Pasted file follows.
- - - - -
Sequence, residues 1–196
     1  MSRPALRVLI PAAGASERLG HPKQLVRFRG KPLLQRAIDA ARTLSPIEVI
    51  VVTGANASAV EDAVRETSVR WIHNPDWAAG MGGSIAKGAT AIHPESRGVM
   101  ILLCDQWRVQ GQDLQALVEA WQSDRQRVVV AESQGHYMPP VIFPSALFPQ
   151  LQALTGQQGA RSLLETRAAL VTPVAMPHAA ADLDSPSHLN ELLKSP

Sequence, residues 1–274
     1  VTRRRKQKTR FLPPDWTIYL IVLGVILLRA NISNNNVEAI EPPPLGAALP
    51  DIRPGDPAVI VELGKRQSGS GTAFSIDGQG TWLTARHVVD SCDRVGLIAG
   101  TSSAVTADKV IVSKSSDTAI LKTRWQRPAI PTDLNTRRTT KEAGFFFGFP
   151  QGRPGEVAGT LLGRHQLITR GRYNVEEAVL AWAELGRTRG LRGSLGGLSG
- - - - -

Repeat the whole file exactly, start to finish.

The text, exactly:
Sequence, residues 1–196
     1  MSRPALRVLI PAAGASERLG HPKQLVRFRG KPLLQRAIDA ARTLSPIEVI
    51  VVTGANASAV EDAVRETSVR WIHNPDWAAG MGGSIAKGAT AIHPESRGVM
   101  ILLCDQWRVQ GQDLQALVEA WQSDRQRVVV AESQGHYMPP VIFPSALFPQ
   151  LQALTGQQGA RSLLETRAAL VTPVAMPHAA ADLDSPSHLN ELLKSP

Sequence, residues 1–274
     1  VTRRRKQKTR FLPPDWTIYL IVLGVILLRA NISNNNVEAI EPPPLGAALP
    51  DIRPGDPAVI VELGKRQSGS GTAFSIDGQG TWLTARHVVD SCDRVGLIAG
   101  TSSAVTADKV IVSKSSDTAI LKTRWQRPAI PTDLNTRRTT KEAGFFFGFP
   151  QGRPGEVAGT LLGRHQLITR GRYNVEEAVL AWAELGRTRG LRGSLGGLSG